themes: art, nature, insects
by Joyce Sidman
160 pages; ages 10-12
HMH for young readers, 2018
Maria Merian was born in the mid-1600s into a family of printers and engravers. As a girl, she watched her father and apprentices carve maps and illustrations onto copper plates which were inked and then pressed onto paper. She learned to mix pigments and make brushes. And she fell in love with insects - especially caterpillars.
In Miriam's time the silkworm was the only insect whose metamorphosis was well understood. But people still thought of it as "magical". So Maria began studying caterpillars, keeping them in boxes and jars, sketching and making notes as they developed. She also wanted to know more about the connection between caterpillars and their food plants. And she did all this at a time when women were not allowed to study science. Indeed, many were burned as witches for conducting similar kinds of studies.
by David L. Harrison; illus. by Julie Bayless
32 page; ages 5-9
Welcome hummers, tweeters, singers, diggers....
It doesn't matter whether you fly, leap, or crawl, this school welcomes you. There's just one Very Important Rule: don't eat your friends at school.
What I like about this book: Each poem focuses on a different bug, imagining how they would respond in various school situations. For example: aphids in math class. If mama has fifty babies and each babies have fifty babies, how many aphids do you get? There's camouflage class, stink bug class, and what's left of termite class. There are cricket lessons, report cards, and a serious moment when grasshoppers discover a recipe book...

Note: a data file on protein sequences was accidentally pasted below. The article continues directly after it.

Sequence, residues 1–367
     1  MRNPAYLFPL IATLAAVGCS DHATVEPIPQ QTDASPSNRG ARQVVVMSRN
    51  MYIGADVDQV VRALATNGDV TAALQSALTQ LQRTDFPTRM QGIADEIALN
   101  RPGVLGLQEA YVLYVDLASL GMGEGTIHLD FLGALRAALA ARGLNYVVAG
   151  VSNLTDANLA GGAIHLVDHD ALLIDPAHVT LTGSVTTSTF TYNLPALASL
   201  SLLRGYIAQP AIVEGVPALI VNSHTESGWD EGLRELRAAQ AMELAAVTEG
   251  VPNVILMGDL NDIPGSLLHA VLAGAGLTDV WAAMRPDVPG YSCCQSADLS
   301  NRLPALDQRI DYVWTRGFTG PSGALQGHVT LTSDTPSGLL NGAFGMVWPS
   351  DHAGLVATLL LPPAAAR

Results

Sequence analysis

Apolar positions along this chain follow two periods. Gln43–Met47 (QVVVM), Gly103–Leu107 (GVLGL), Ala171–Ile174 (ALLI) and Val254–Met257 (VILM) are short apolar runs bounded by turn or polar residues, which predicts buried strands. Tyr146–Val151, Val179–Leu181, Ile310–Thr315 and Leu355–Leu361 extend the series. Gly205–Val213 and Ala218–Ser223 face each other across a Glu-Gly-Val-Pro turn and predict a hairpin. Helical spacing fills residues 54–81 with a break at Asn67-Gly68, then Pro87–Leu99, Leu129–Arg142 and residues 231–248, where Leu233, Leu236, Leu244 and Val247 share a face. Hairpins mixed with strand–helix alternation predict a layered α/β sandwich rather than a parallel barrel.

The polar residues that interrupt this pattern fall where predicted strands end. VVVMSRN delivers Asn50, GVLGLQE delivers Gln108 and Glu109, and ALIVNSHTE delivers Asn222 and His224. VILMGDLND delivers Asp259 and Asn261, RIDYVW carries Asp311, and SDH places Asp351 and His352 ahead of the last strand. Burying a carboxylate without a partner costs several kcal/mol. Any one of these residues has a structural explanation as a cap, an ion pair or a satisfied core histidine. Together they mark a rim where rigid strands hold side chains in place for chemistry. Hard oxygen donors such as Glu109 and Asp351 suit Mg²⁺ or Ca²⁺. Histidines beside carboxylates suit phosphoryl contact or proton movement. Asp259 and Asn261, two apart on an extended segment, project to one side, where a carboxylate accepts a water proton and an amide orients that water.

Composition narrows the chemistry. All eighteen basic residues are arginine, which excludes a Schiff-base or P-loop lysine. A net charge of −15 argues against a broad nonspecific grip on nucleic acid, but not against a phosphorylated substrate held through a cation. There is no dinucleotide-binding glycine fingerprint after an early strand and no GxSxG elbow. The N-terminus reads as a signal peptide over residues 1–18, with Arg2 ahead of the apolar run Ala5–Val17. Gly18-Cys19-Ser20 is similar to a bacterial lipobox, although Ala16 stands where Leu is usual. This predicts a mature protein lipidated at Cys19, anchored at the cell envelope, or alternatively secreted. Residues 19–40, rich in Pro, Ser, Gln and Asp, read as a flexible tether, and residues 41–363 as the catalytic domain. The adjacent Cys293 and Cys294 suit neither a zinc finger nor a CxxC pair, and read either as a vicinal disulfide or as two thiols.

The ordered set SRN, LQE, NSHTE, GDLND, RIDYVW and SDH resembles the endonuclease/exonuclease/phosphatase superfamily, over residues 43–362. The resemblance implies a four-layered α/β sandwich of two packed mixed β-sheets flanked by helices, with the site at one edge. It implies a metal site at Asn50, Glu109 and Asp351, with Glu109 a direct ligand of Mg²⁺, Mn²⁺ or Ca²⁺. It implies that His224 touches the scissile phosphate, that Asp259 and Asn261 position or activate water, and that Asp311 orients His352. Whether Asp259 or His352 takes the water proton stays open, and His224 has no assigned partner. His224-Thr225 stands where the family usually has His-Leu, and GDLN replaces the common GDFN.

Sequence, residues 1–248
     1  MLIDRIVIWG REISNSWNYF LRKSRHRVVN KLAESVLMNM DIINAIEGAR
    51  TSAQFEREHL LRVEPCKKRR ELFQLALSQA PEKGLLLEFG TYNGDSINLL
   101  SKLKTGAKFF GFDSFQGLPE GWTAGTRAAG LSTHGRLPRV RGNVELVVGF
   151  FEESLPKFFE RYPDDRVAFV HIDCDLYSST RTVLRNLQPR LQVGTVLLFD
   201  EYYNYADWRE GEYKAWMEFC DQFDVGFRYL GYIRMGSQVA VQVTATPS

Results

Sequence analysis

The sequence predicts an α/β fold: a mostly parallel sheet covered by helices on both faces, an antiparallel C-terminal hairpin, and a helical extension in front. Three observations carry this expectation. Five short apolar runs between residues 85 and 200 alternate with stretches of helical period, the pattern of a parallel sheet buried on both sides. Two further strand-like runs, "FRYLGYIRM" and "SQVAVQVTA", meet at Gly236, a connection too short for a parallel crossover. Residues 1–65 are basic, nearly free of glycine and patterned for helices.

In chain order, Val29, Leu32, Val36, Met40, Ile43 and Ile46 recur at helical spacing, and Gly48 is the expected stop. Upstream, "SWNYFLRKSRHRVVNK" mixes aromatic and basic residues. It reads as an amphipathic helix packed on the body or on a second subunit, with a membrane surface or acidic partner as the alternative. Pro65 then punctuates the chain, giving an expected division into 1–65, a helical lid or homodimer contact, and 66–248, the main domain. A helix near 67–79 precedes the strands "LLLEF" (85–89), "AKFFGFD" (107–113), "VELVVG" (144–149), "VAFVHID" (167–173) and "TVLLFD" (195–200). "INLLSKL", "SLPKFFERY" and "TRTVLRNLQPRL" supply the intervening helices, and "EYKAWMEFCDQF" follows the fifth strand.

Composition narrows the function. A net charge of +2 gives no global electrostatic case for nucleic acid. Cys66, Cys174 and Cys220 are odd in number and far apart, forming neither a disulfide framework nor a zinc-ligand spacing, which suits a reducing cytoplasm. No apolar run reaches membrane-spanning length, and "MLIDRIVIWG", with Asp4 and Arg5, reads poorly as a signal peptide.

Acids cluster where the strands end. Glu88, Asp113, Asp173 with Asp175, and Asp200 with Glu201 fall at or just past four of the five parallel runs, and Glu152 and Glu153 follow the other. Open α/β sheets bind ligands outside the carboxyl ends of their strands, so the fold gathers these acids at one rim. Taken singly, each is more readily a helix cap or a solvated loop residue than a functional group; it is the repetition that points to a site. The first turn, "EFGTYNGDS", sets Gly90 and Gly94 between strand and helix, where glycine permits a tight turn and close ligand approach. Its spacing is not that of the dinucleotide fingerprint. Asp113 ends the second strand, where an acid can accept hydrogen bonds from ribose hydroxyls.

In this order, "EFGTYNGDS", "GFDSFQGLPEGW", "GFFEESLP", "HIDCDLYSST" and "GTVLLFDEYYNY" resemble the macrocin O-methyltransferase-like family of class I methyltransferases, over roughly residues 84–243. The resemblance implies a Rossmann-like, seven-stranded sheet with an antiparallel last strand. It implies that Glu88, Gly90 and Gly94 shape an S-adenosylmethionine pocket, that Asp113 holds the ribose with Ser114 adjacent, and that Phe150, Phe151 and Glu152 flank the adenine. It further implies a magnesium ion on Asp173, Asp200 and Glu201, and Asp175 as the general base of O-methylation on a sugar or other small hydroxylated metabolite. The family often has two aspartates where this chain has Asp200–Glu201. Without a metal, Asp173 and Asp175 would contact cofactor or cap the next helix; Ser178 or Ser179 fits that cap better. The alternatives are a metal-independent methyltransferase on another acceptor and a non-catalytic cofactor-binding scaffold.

It's fine to eat
the farmer's crop
but eating US
has got to stop!
Definitely more word play than entomology, but a fun way to invite bugs into your day.
Beyond the Books:
Go on a butterfly hunt - with a camera or your sketchbook. Try to catch photos of different kinds of butterflies and daytime moths. Sometimes nature centers host butterfly walks or moth nights for the public. Then use a guide book or online guide to find a picture of its larva. Using pencils, paint, or other media, create an illustration showing the caterpillar and butterfly, and Maria Merian might have done.
Check out cool photos of butterflies, moths, and caterpillars in field guides or online. Here's a link to photos of Lepidoptera and here's a caterpillar guide.
Write a buggy poem. During "poetry month", poet Amy Ludwig VanDerwater has been writing one poem each day using different poetry styles. Find one (or more) that you like and play around with words to share what you know about your favorite bug.
Cook up some grasshoppers? Here's how... or buy some online.
Today we're joining the STEM Friday roundup - and we're also joining others over at Perfect Picture Book Friday, an event in which bloggers share great picture books at Susanna Leonard Hill's site. She keeps an ever-growing list of Perfect Picture Books. Review copies provided by publishers.
Maria Merian was certainly many centuries before her time. What a lovely story about a woman following her passion. Lovely pairing of both books today! My grandson would love the bug book.ReplyDelete
YIKES! How did I miss this> I LOVE MSM's work and story!!!!ReplyDelete
I hadn't heard of Joyce Sidman's new book, but one by her is always a cause to celebrate. I will get it soon. I LOVE Crawly School for Bugs. It is adorable. Thanks for the post.ReplyDelete
I'm not a fan of bugs but these books look really interesting. I used to draw butterflies and lions when I was a kid. So this post brought back memories for me. Thanks for sharing.ReplyDelete
butterflies are like the "gateway bugs" for people who don't think they like insects. Who can resist watching (and following) a swallowtail?Delete